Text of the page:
New York's losing two congressional seats because of population losses reported in the last Census.
As WRVO's Ellen Abbott reports, the task force, known as "Latfor", heard all about why neither of those seats should come from the districts that span central and northern New York.
The message from Syracuse to LATFOR yesterday was clear. If a congressional seat is to be sacrificed due to Census numbers in New York State, it shouldn’t come from Syracuse or central New York.
Onondaga County GOP Party Chair Tom Dadey urged the commission to look west where there have been more population losses. “It is my belief that any downsizing of the congressional representation in upstate should be at the very least begun in Western New York as to not to affect the other areas that have remained stable or grown in recent years,” Dadey said.
The theme of keeping a congressional district in tact came from all corners, including Democrat Election Commissioner Ed Ryan, of Onondaga County. “We are a big community. We are starting to make strides here and for us to be dissected into three or four different congressional races and become an appendage of them. I think we would lose a great deal of our identity,” Ryan said.
New York State will lose two congressional seats. There are rumblings that one will come from downstate, and the other from upstate in central New York, replaced by tentacles of three other congressional seats.
Republican Senator Michael Nozzolio, task force co-chair, said he doesn’t even want to talk about whether there’s some truth to those rumors. “It’s much to early in my perspective to even speculate on those issues,” Nozzolio said. “The only thing I can say is that the population losses from Utica to western New York, particularly west of Rochester, have been excessive and that those population losses require New York to lose two congressional seats.”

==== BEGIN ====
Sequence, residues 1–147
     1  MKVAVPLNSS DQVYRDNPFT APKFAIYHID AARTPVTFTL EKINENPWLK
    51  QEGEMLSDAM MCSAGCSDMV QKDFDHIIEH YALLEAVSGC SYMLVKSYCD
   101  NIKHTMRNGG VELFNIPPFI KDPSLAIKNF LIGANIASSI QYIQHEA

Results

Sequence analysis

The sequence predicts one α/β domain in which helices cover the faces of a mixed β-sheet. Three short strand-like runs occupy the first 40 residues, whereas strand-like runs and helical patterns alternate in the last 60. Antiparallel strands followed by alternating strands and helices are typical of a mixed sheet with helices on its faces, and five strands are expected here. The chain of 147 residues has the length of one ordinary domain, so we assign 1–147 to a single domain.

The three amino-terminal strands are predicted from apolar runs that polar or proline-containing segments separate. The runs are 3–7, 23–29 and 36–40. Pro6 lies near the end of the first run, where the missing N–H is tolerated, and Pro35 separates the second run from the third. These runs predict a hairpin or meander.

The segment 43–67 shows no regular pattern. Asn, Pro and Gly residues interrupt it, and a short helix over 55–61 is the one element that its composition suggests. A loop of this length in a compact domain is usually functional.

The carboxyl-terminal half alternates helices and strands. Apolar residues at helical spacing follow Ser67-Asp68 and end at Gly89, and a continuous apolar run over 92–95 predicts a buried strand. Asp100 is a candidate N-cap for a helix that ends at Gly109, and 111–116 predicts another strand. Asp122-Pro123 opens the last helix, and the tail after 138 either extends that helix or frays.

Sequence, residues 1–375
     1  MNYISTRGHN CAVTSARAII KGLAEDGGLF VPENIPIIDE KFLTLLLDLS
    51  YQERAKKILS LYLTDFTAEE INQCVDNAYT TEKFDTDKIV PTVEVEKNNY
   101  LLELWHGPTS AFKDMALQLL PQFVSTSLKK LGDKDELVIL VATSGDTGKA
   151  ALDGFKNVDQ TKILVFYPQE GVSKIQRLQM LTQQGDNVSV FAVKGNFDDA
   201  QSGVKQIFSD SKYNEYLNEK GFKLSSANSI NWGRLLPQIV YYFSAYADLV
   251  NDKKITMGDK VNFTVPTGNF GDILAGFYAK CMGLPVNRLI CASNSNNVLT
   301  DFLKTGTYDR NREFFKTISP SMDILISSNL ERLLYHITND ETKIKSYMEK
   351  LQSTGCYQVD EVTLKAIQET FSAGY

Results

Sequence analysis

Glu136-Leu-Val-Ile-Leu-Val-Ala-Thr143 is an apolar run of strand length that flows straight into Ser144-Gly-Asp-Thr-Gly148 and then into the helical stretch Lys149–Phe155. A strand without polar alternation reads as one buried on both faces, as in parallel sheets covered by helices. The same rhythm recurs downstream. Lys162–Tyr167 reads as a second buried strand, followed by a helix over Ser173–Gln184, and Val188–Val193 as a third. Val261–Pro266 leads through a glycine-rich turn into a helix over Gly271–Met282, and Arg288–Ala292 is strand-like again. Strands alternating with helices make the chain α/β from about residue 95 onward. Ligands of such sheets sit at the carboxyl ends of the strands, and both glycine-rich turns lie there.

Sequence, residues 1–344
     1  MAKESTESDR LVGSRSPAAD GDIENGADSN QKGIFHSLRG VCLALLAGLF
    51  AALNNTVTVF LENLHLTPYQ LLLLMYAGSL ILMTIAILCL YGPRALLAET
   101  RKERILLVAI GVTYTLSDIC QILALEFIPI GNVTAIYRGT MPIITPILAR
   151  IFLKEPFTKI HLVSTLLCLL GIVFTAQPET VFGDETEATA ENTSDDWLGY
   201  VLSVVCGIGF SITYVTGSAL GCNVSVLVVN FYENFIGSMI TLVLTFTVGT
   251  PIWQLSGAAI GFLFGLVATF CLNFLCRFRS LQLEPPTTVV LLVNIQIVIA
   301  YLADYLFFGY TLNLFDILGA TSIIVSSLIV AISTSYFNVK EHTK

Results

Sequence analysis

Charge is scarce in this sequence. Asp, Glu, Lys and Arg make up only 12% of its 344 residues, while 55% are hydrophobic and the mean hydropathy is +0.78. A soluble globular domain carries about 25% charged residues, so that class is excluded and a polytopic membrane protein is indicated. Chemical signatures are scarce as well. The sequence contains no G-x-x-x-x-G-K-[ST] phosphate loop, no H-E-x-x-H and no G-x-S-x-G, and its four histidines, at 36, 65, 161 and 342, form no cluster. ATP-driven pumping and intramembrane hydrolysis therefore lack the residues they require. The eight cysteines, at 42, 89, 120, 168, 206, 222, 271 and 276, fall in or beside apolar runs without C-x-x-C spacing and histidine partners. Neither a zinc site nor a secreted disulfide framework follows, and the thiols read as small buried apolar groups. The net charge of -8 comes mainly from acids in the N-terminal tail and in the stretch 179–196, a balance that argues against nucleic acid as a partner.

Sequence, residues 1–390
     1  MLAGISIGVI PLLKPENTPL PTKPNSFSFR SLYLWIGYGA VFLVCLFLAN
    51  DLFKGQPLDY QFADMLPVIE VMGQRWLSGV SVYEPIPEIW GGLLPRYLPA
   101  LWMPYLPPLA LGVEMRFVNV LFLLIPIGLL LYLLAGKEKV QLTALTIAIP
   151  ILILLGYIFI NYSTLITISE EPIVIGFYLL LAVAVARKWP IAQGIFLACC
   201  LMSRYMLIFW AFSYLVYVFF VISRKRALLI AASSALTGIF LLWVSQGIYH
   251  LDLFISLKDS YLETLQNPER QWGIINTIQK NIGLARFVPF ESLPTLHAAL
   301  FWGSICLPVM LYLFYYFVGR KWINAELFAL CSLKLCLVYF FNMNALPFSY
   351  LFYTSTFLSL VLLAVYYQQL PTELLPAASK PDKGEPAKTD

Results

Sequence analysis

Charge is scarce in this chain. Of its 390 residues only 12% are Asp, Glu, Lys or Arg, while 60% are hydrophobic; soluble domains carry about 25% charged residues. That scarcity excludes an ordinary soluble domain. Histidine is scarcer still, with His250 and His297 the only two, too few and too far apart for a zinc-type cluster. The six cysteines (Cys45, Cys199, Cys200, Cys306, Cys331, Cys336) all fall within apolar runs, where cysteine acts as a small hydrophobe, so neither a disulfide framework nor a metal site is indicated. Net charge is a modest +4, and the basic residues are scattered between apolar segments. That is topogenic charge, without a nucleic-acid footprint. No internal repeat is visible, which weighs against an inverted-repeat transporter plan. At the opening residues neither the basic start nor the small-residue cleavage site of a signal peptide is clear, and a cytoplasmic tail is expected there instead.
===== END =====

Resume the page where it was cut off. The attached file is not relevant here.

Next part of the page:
There weren’t just central New York concerns either. Assemblyman Ken Blankenbush came down from Jefferson County to lobby for a North Country congressional district. “Moving counties into central New York or Mohawk Valley districts would have a negative and serious impact on the constituents in my region,” Blankenbush said.
Then there was a topic brought up by an academic, Joan Mandel: so-called prison gerrymandering. A law approved last falls requires prisoners to be counted in their home community and not where they are incarcerated. Right now that legislation is in the courts. “If we fail to enforce the law and fully implement the legislatures courageous decision, I am concerned that our state will be a laughing stock,” Mandel said.
There are also calls for an independent commission to take on the task of drawing electoral lines, something Governor Cuomo’s been pushing. The League of Women Voters’ Donald Goulet laid out the argument for that: “The present prior partisan process of gerrymandering where most of the races are predetermined has led to New York having one of the highest incumbency rates in the country and the title of most dysfunctional legislature in the nation.”
Nozzolio meantime says there’s no time to create such a commission. “There is an intense time pressure on this entire process because of the federal government mandate that the primary be pushed up earlier,” he said.
Finally, hovering over the whole proceeding is Governor Cuomo’s threat to veto any maps the task force draws up. Assembly Democrat John McEneny, task force co-chair, ponders a veto scenario: “If the governor vetoed it, if it’s a good decent redistricting then the legislature will override his veto and get back on track. If on the other hand, the governor vetoed it and there wasn’t a mindset in the legislature to override the veto, then the whole thing could be handed to the justice department for a master whom we have no idea who that would be.”
In any event, this task force will hold eleven more of these hearings across the state over the next few months. Then it will draw up maps and hold another dozen hearings probably starting in November. Lawmakers probably won’t get to debate it until early next year.
In Syracuse, I’m Ellen Abbot.